Montgomery Bell craves adventure-the kind that knocks on your door and drags you out by your half-slept-on hair because it can’t wait another second.
The problem is, she still lives thirty minutes away from where she grew up, in a college town obsessed with the one thing she hates: football.
It doesn’t help that Montgomery wouldn’t know the difference between an interception and a fumble if one hit her in the face.
When she meets Baron Richards, it practically does.
Baron is a rising star in the professional football world. Their worlds collide, sending Montgomery on the kind of adventure she never even thought to look for.
Finding love isn’t the end of the story. You have to figure out what to do with it once you catch it, and run like hell to make that happen.
Don’t worry, Montgomery’s running…she just doesn’t quite know which direction yet.
Mr. Sportsball is not your typical sports romance. It’s a full-length, standalone novel that will have fans and anti-fans cheering for the same team.
Recommended for 18+ due to language and sexual content.
Spoiler free review
K. P. Haigh does it again with Mr. Sportsball! A great plot, writing that flows and a swoon worthy hero come together to make a great read!
Montgomery “Monty” Bell hates sports, especially football and she’s not afraid to give her opinion. Her hatred of the sport stems from a humiliating high school experience that she has never been able to let go of. Now, she is a 23 year old photojournalist with a complex and lack of an adventurous side. Then a hot guy approaches her at a sports bar, where she is reading, and egads, he’s a professional football player.
Baron is the uber-hero. He is sexy, sweet, romantic and fun. He isn’t an alpha male, just a great guy all-around. He sees Monty and he can’t get her out of his head, even after she turns him away the first time they meet.
Monty kind of drove me crazy. She was so afraid of change and she couldn’t get over her football hang up, even when Baron showed her he didn’t fit the stereotype. I mean, let’s be honest here, she blows it. Big time!
Mr. Sportsball is a story of letting go, finding love, finding yourself and letting yourself live life. A great read and another Haigh success!
I shake my head. “I’m sorry.”
He frowns, but he keeps holding the door open. “What are you sorry about?”
I’m sorry I can’t walk through that door. I’m sorry I can’t date a football player. I’m sorry I can’t seem to get over that detail. “I can’t go on a date with you.”
“Tonight?” I can tell by the way he asks, he already knows the answer. I see his fingers loosening their grip on the door handle.
“Ever.” The word feels like a heavy stone thrown to the bottom of my stomach. The weight is sudden and uncomfortable.
“Because I play football?” He says it like it’s a hobby he picks up from time to time, like he knits scarves or paints watercolors of sunsets, as if it’s something that can be taken out and then packed away when the hour is up and it’s time to go back to normal life.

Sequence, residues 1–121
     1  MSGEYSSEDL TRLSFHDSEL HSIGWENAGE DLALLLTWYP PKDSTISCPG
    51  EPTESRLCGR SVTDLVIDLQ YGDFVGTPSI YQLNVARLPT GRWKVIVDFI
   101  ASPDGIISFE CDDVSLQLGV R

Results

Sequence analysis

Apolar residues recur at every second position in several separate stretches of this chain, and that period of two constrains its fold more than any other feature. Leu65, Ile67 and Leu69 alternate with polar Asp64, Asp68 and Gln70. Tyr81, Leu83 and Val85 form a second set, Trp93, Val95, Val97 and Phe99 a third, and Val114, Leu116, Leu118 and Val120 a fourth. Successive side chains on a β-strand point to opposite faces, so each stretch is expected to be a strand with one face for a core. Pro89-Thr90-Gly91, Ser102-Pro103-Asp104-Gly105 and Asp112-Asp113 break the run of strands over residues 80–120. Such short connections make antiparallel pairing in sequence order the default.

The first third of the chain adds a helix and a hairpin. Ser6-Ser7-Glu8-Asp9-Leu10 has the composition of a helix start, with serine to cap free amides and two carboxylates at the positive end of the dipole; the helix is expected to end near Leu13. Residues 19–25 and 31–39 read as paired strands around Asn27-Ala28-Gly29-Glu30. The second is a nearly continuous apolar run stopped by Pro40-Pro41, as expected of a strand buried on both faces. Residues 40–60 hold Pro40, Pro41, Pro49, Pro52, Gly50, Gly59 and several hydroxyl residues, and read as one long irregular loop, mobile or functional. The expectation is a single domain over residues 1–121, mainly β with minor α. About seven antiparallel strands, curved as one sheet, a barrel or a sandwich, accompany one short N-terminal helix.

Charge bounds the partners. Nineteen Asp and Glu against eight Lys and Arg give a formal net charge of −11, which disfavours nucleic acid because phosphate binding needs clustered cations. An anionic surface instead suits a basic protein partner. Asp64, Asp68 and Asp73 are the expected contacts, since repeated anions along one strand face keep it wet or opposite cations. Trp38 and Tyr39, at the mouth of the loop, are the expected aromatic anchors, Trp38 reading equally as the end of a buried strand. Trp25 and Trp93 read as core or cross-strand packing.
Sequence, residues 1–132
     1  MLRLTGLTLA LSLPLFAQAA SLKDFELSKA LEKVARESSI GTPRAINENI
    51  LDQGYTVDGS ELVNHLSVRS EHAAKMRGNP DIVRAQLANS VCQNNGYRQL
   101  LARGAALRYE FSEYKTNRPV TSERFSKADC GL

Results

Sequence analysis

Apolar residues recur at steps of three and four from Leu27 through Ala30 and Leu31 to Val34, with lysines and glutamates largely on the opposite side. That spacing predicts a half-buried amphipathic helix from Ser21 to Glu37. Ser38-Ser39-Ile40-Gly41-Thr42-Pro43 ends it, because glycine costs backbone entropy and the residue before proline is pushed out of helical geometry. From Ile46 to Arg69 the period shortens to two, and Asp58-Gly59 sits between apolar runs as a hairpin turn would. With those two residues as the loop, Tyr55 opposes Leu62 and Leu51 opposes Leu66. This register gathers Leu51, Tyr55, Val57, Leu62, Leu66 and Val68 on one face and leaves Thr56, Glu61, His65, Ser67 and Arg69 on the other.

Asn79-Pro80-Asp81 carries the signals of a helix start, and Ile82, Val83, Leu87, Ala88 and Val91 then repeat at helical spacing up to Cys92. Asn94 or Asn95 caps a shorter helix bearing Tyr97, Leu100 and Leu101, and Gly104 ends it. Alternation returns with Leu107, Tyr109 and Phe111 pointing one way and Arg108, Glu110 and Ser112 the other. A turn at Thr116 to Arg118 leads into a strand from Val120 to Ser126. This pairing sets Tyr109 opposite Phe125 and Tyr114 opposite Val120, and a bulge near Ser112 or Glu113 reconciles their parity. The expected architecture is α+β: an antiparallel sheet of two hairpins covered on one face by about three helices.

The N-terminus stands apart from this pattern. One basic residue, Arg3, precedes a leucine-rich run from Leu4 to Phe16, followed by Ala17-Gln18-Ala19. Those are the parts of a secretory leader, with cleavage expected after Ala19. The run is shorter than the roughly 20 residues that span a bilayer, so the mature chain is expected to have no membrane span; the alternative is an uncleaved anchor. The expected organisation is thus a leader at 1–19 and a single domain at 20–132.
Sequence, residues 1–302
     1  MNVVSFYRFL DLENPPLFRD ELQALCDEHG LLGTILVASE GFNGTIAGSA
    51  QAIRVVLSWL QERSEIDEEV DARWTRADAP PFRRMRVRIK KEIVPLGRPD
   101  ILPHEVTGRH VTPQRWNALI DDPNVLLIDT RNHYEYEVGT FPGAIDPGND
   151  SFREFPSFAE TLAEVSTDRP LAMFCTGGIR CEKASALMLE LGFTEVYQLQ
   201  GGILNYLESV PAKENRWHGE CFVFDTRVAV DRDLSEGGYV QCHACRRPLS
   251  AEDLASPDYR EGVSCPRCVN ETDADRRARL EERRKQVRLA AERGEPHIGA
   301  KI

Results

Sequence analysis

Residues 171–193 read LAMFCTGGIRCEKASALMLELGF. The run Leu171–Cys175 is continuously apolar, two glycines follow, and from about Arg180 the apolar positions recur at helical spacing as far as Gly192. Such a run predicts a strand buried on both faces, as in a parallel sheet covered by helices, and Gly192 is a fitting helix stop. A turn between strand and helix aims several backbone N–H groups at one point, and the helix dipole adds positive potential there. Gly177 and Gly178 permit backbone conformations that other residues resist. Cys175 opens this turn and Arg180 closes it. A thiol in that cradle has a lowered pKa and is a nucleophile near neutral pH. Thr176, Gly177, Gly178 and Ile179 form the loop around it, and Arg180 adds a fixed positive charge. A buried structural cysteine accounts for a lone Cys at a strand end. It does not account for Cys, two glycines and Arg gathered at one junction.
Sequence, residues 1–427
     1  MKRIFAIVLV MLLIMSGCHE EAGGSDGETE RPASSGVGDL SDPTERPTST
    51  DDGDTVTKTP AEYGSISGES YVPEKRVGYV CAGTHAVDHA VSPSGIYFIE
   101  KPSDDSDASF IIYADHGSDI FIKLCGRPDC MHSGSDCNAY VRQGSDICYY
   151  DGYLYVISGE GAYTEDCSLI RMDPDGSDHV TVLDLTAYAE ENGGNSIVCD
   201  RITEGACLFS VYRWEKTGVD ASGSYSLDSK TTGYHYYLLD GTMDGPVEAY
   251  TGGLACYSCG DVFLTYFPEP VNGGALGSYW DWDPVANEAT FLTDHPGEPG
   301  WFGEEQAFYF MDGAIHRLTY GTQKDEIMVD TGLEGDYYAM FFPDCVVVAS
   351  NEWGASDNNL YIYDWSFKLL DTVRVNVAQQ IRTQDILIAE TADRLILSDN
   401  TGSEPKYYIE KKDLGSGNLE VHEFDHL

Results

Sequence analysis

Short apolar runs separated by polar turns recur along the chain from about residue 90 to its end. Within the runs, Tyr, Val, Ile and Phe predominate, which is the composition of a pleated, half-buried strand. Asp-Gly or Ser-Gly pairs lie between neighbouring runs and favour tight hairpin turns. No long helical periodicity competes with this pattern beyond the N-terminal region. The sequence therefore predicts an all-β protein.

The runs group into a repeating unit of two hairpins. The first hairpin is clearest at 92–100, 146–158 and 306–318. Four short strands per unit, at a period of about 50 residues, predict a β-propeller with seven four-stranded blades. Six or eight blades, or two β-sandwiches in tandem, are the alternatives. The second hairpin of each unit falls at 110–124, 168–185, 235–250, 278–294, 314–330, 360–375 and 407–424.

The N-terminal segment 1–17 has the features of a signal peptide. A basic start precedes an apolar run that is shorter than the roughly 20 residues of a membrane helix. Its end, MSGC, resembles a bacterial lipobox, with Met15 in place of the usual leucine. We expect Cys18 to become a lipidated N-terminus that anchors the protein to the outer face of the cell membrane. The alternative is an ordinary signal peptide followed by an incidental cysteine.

But, this is normal life.
People recognize him. He has the power to make or break someone’s day, and all because he plays a sport I would rather pull off my own fingernails than sit down to watch. I look at him, and that stone in my stomach feels even heavier.
“We’re just different people.”
“Because I play football.” He lets go of the door and walks over to a chair underneath the coffee shop awning next door. He’s processing what I’m telling him, and I follow him and sit down too.
He’s quiet for another moment, and then he turns to look at me. His blue eyes are so crisp, I bet if I looked close enough I could see his thoughts like an airplane spelling words across the sky.
He leans his elbow on the table and rests his chin on his fist. I have to use all my willpower not to stare at his tan forearm, but really, I don’t know where to stare that doesn’t make me want to throw my defensive stance out the window.
“So, you’re telling me that if I had walked over to you and given you my number the other night, and I was a professor or a plumber or a bartender, you’d go out with me. But because I play football for a living, you’re turning me down.”
“Yes,” I say quietly. The word feels hollow. It seems silly, but I know I’m right. Even if it is silly, I can’t get past it, and I’m not going to lie and go on a date with him just to say I did.
“Hmm.” Baron laughs to himself, like he finally gets the joke. “That’s never happened before.”
K.P. Haigh joined the adult world as a project manager. After spending years in spreadsheets, she put her love of blank notebooks to good use and started spinning words into love stories.
In a perfect world, K.P. would have a never-ending supply of coffee, carbs, and sticky notes. She corners the market on ridiculous facial expressions and is happiest when she’s cooking for people or making them laugh.
She’s always up for crispy French fries and can’t wait for self-driving cars to take over the world so she can read on her way to everywhere.
K.P. lives in Seattle with the man who loves her crazy and their son, who inherited half of it.